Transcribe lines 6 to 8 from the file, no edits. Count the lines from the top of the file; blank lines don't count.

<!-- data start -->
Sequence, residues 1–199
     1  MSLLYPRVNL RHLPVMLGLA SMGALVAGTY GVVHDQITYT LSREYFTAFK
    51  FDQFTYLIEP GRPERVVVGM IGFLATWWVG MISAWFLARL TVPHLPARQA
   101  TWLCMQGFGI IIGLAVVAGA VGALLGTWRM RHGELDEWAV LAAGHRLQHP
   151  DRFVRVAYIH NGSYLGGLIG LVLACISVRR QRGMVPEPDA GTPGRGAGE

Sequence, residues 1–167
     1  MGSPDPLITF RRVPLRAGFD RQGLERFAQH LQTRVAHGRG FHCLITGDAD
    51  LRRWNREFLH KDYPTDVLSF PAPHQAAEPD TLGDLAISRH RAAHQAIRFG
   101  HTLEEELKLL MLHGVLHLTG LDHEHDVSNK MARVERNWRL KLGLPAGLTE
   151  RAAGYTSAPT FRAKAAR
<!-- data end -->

Sequence, residues 1–167
     1  MGSPDPLITF RRVPLRAGFD RQGLERFAQH LQTRVAHGRG FHCLITGDAD
    51  LRRWNREFLH KDYPTDVLSF PAPHQAAEPD TLGDLAISRH RAAHQAIRFG